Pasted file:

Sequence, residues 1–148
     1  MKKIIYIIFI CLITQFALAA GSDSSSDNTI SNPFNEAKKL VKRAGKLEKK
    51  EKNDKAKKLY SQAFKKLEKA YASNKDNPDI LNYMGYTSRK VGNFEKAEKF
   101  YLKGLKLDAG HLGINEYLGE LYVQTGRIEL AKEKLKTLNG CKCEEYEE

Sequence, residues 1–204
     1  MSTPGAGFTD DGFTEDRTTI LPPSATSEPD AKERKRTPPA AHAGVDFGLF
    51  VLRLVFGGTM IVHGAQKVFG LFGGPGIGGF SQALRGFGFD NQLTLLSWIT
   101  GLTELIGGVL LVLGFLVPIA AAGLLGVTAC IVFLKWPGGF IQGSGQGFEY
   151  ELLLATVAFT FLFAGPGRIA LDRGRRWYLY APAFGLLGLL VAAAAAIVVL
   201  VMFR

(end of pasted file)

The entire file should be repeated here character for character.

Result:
Sequence, residues 1–148
     1  MKKIIYIIFI CLITQFALAA GSDSSSDNTI SNPFNEAKKL VKRAGKLEKK
    51  EKNDKAKKLY SQAFKKLEKA YASNKDNPDI LNYMGYTSRK VGNFEKAEKF
   101  YLKGLKLDAG HLGINEYLGE LYVQTGRIEL AKEKLKTLNG CKCEEYEE

Sequence, residues 1–204
     1  MSTPGAGFTD DGFTEDRTTI LPPSATSEPD AKERKRTPPA AHAGVDFGLF
    51  VLRLVFGGTM IVHGAQKVFG LFGGPGIGGF SQALRGFGFD NQLTLLSWIT
   101  GLTELIGGVL LVLGFLVPIA AAGLLGVTAC IVFLKWPGGF IQGSGQGFEY
   151  ELLLATVAFT FLFAGPGRIA LDRGRRWYLY APAFGLLGLL VAAAAAIVVL
   201  VMFR